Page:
Konica Minolta South Africa celebrates Arbor Month in September

| 23. Sep 2020

Konica Minolta South Africa has donated 400 trees in response to government’s call to plant indigenous trees during Arbor Month, as the application of its commitment towards the sustainable management of environmental resources.

Konica Minolta South Africa has donated 400 trees in response to government’s call to plant indigenous trees during Arbor Month, as the application of its commitment towards the sustainable management of environmental resources.


Konica Minolta South Africa has donated 400 trees in response to government’s call to plant indigenous trees during Arbor Month, as the application of its commitment towards the sustainable management of environmental resources.

In partnership with NPO Food & Trees for Africa (FTFA), Konica Minolta South Africa donated 200 trees to Robben Island as well as 200 trees to be planted in Mvezo in the Eastern Cape, where Nelson Mandela was born and grew up. While Konica Minolta South Africa plants trees throughout the year, September is an especially important time for the organisations’ efforts as September is both Arbor Month as well as Heritage Month in South Africa.

“Konica Minolta South Africa established the partnership with FTFA in 2008 to plant trees in an effort to offset our carbon footprint, and thereby help in combatting climate change. Through this particular project we also sought to commemorate the life of Nelson Mandela, by planting trees in areas connected with his legacy including Robben Island and his birthplace, Mvezo. Last year we planted 101 trees on Robben Island to celebrate the 101st anniversary of Madiba’s birth and now during National Arbor Month (#ArborMonth), we are once again supporting the Robben Island Museum’s long-term plan to rehabilitate sustainable vegetation at this historical location,” says Marc Pillay, CEO of Konica Minolta South Africa.

“Arbor Week is a time during which South Africans re-emphasise the value of trees by planting and maintaining indigenous trees across the country, most especially within disadvantaged communities, which are often areas that are barren or water stressed. Through the initiative #PlantHopeWithUs, we get to bring hope, a sense of optimism, shade, and fresh air to these areas where Madiba once lived while ensuring the continuity of his legacy," concluded Pillay.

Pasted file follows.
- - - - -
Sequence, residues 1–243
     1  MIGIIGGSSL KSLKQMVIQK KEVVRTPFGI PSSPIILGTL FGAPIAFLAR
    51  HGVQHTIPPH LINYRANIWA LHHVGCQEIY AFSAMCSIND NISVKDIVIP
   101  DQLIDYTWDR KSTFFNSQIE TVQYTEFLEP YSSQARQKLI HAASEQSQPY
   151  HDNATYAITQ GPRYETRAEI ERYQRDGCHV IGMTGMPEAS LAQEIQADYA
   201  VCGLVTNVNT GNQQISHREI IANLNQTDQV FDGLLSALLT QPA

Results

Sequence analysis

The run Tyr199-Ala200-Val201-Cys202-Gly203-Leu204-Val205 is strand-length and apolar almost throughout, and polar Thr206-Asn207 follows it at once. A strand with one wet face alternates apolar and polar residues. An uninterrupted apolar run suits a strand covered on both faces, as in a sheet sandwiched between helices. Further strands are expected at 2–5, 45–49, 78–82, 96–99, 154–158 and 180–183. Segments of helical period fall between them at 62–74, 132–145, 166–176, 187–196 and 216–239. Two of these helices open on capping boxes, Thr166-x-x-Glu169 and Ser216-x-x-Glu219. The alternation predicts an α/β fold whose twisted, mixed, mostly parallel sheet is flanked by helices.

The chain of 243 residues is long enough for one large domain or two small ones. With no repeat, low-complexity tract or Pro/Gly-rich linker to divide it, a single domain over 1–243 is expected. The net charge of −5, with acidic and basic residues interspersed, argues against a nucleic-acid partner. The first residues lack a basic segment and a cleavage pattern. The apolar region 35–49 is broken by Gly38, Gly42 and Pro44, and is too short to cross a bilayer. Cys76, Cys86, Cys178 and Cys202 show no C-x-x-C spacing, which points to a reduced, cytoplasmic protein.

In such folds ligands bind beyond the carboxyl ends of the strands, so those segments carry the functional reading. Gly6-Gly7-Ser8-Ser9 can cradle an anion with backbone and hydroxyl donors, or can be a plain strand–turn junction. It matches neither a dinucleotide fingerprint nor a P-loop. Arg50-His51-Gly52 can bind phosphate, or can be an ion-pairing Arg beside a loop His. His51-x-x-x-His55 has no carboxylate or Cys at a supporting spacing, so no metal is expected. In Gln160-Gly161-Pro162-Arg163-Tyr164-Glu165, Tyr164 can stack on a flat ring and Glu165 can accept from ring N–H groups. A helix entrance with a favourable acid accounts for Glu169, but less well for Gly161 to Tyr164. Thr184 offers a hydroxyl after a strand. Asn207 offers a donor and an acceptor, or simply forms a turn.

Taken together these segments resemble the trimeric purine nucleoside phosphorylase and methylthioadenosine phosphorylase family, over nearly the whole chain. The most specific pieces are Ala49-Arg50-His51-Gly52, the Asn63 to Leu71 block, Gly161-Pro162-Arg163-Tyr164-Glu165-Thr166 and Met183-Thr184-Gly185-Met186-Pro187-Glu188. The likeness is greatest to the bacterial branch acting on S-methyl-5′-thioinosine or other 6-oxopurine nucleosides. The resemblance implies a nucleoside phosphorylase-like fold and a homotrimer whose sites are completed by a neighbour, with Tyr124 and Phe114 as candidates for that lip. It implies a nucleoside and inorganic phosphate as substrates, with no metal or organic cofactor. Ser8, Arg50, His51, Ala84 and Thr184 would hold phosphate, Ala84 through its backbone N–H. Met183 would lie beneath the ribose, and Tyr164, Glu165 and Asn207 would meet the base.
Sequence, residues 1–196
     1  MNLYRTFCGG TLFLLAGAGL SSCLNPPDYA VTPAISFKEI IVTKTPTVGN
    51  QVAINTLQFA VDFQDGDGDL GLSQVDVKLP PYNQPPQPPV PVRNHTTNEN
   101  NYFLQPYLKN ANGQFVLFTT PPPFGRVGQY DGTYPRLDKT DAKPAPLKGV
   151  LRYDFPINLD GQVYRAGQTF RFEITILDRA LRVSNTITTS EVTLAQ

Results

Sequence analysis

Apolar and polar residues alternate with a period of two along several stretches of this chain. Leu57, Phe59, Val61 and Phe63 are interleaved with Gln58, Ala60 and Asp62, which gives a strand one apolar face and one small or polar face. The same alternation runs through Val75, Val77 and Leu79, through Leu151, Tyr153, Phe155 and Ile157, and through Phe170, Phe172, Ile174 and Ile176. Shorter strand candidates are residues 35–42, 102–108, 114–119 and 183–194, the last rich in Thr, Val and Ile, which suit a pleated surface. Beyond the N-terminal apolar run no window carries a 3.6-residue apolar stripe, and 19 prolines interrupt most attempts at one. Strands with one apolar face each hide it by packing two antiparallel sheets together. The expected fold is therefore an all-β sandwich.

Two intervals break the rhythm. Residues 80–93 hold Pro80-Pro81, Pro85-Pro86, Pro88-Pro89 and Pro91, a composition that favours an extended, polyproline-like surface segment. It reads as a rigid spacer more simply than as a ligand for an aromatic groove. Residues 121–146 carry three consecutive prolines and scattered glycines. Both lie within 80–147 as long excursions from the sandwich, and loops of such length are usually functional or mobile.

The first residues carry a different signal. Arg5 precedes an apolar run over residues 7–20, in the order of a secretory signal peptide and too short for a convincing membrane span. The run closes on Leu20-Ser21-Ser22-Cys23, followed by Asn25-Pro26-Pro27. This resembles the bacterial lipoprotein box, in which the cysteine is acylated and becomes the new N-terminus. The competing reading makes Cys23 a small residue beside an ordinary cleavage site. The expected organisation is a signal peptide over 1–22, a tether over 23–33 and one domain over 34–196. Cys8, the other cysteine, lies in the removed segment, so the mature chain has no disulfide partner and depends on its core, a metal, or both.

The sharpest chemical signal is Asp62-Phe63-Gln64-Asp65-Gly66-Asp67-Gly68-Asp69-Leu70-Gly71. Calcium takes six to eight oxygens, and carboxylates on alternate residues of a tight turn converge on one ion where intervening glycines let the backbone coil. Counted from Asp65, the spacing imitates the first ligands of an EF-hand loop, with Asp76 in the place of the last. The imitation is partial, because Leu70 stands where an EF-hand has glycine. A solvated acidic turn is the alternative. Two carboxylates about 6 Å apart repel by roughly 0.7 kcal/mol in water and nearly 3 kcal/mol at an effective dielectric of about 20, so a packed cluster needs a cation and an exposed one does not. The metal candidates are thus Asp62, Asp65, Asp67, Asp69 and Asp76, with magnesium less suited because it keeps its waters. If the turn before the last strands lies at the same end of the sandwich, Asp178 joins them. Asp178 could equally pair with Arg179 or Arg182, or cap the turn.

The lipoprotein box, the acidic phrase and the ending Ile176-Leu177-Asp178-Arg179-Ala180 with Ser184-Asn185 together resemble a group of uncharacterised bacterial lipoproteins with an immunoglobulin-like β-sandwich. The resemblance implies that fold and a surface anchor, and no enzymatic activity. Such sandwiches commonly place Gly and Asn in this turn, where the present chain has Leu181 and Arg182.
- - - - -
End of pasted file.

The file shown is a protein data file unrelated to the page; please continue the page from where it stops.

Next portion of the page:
“The tree planting partnership with Konica Minolta South Africa has enabled Food and Trees for Africa to push the boundaries of tree planting projects throughout South Africa. Planting trees at Robben Island has enabled us to contribute to an environmental conservation project that is also part of cultural heritage work, one of the first such projects in the country,” explains Emily Jones, Trees and Carbon Programme Manager at Food & Trees for Africa.

In line with Arbor Month activities during September, Konica Minolta Gauteng, an authorised dealer of Konica Minolta South Africa, recently donated 20 trees to Nokuphila School in Tembisa, located to the north of Kempton Park in Ekurhuleni.

Through the collaboration with FTFA, Konica Minolta South Africa has planted more than 50,000 trees across the country and has achieved and maintained carbon-neutral status since 2013.